The Transition Alliance of SC: Building Capacity Statewide by Scaling Up Local Interagency Teams (SC UCEDD)

April 28, 2015

Joy Godshall Ivester, M.Ed. and
Kinsey Carlson-Britting, MSW, MPH
Center for Disability Resources (UCEDD)
University of South Carolina, School of Medicine


South Carolina's UCEDD, the Center for Disability Resources (CDR) at the University of South Carolina's School of Medicine, is spearheading a statewide initiative to improve secondary transition programming and practices for students with intellectual or developmental disabilities. The CDR is partnering in this effort with other state stakeholders via the Transition Alliance of South Carolina (TASC), the statewide interagency transition team. Utilizing funding and support from TASC partners, project staff housed at the Center for Disability Resources has initiated the development of an infrastructure to support local interagency transition teams as they increase their capacity to collaboratively and effectively serve young adults with ID/DD who are transitioning from high school to adult-life.

The Transition Alliance has been in existence for four years and works together to build capacity for transition programming at the state level, while also serving as a bridge to local communities in South Carolina. The partnership consists of and maintains a Memorandum of Understanding with the following members: Able SC, PRO Parents of SC, the SC Department of Disabilities and Special Needs (DDSN), the SC Developmental Disabilities Council (DDC), Lexington School District Five, SC Vocational Rehabilitation Department (SCVRD), Family Connection of South Carolina, USC's Center for Disability Resources (CDR), USC's Department of Educational Studies, Francis Marion University, and the SC Department of Education (SDE). In addition, the membership is undergoing a period of growth and will soon add the following additional members: Commission for the Blind, SC Department of Mental Health (DMH), Walton Options, SC's Assistive Technology Program (SCATP), SC Department of Employment and Workforce (DEW), and Protection and Advocacy for People with Disabilities, Inc. (P&A).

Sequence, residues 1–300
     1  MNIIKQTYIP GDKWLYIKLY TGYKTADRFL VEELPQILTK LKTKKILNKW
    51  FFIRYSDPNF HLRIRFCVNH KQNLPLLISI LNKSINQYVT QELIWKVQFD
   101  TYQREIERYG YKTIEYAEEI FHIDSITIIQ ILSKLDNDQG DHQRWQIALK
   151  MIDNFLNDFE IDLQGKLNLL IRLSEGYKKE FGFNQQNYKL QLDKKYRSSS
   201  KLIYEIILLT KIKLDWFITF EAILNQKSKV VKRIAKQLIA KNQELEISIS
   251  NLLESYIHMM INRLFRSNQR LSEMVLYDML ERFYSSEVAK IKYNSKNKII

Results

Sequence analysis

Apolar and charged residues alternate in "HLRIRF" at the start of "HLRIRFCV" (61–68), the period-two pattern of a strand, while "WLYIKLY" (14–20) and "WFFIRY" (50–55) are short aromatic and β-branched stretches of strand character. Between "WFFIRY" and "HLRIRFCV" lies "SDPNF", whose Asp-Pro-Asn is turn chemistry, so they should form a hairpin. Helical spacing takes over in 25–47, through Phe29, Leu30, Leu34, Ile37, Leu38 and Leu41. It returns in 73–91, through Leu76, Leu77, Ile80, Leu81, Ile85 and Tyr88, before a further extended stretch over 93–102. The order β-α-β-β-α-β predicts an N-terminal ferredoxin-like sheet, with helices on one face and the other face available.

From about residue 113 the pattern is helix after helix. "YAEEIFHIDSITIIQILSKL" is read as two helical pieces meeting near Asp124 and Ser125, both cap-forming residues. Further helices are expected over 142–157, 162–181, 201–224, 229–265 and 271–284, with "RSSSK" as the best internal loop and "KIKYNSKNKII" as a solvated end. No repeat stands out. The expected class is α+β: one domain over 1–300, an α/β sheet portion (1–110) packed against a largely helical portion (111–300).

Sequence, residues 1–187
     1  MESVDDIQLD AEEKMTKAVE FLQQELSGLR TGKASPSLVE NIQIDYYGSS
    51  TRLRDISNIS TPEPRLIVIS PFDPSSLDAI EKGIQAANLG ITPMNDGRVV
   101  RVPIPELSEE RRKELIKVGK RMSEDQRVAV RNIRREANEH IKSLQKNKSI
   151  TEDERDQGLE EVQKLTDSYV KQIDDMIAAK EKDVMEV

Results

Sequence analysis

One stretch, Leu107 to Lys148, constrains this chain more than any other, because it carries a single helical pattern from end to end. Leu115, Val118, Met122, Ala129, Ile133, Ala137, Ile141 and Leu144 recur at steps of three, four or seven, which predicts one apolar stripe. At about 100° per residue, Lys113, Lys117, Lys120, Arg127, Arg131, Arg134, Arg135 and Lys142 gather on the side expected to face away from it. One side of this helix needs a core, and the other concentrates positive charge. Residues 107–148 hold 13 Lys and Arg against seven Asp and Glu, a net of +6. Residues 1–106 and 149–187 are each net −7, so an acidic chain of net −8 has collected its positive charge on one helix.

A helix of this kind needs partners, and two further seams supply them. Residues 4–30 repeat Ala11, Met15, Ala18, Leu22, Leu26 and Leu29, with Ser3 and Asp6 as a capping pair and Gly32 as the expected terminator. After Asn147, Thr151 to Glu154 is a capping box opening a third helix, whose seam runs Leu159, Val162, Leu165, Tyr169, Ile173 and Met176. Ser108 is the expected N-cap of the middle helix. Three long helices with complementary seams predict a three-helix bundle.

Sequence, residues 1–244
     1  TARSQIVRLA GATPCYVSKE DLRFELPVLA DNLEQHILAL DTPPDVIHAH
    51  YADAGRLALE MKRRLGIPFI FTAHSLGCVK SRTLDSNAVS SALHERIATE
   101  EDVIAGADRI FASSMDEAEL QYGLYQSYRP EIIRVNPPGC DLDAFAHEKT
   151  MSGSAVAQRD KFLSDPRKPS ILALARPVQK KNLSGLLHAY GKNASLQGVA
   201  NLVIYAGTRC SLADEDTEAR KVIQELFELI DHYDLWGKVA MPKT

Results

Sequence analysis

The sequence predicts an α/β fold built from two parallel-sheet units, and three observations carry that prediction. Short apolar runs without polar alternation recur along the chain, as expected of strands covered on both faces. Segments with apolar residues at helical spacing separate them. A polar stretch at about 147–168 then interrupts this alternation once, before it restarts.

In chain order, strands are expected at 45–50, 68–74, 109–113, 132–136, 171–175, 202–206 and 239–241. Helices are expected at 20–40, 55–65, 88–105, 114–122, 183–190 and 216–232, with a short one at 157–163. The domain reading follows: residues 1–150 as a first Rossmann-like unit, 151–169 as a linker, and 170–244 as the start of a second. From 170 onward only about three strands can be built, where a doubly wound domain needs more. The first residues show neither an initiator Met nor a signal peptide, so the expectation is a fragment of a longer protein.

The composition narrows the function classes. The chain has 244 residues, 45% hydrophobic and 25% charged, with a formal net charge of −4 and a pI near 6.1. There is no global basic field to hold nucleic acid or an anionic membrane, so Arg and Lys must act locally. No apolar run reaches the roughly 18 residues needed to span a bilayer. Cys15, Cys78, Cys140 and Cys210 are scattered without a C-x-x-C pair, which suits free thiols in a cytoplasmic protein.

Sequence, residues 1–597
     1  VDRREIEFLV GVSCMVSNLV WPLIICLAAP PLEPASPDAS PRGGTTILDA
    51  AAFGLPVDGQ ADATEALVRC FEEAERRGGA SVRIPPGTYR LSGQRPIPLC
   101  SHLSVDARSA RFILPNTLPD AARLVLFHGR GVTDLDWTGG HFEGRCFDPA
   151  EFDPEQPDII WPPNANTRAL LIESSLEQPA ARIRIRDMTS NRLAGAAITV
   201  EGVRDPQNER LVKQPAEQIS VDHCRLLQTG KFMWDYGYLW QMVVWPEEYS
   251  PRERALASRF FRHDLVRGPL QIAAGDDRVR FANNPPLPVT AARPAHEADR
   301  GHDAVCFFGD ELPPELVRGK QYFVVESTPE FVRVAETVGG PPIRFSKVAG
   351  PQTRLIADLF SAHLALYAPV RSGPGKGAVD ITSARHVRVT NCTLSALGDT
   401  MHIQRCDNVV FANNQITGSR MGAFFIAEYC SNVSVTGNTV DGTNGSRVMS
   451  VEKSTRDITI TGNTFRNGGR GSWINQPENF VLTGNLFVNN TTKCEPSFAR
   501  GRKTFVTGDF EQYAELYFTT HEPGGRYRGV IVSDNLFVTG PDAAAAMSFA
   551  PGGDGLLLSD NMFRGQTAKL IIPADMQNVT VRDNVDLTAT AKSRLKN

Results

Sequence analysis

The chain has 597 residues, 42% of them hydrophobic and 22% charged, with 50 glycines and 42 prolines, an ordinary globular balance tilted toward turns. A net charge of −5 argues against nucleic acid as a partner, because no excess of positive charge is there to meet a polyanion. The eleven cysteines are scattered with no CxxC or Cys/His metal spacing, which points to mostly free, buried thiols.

Currently, forty-two interagency teams, each representing one local school district, are participating in Alliance activities. The Alliance work was initiated in May of 2014 during a one-day planning institute headlined by Dr. Sharon DeFur, secondary transition expert and Professor at the College of William and Mary, and then bolstered in November of 2014, when the local teams participated in the Statewide Interagency Transition Conference in Charleston, SC.

During that two-day conference event, which was co-sponsored by numerous Alliance partners, participants had the opportunity to learn about secondary transition evidence-based and promising practices and how specific local communities are operationalizing those practices in South Carolina. In addition, participating interagency teams engaged in facilitated strategic planning sessions led by Dr. Mary Morningstar, Director of the Transition Coalition at the University of Kansas and Meghan Trowbridge, Assistant Director of the Center for Disability Resources (SC-UCEDD).

Using the PATH (Planning Alternatives Tomorrow with Hope) tool as a framework, session leaders facilitated the construction of individualized local strategic plans focused on building capacity in transition and employment planning and programming for youth and young adults with disabilities. Although used as an organizational planning tool with the local interagency teams, the PATH planning process has traditionally been employed as a person centered planning tool for individuals. Through the PATH process, teams mapped out their long-terms goals and then gradually broke those goals down into more immediate steps. By the end of the planning sessions, not only were immediate steps identified, but responsibilities were assigned, and deadlines for completion were established. (See local PATH team example below).

Strategic planning is a key component of this work. However, effective implementation of evidence based practices is the gateway for success. The Center for Disability Resources is partnering with the SC Department of Education, SC DDSN, the SC DD Council, and other Alliance partners and consultants to coordinate and deliver the resources needed for the local teams to effectively implement the individual goals they prioritized during the two-day conference. Assistance is being provided to local teams via a multi-tier system that includes training, technical assistance, provision of resources, and various web-based networking and training tools. In addition, a framework that capitalizes on the cross-team (community) sharing of strengths, experiences, and resources of local districts that are implementing evidence-based practices will build local and state capacity through the creation of a network of local community experts.

The Transition Alliance staff and partners consider this merely the beginning stage of the construction of a novel, yet highly functional, progressive, and replicable method of building support for local communities from the top (state-level) down (community-level) and perhaps more-importantly, across local teams and practitioners/stakeholders. We believe that through capitalizing on the momentum and resources of our state partners, and coupling those with the resources at the CDR, we have the potential to recreate the way assistance is provided to local secondary transition stakeholders (via the local interagency transition teams), building a system of support that includes partnering with state agencies to provide the support for local systems.

To learn more about this initiative, contact Joy Ivester, Program Director, CDR Secondary Transition Programs.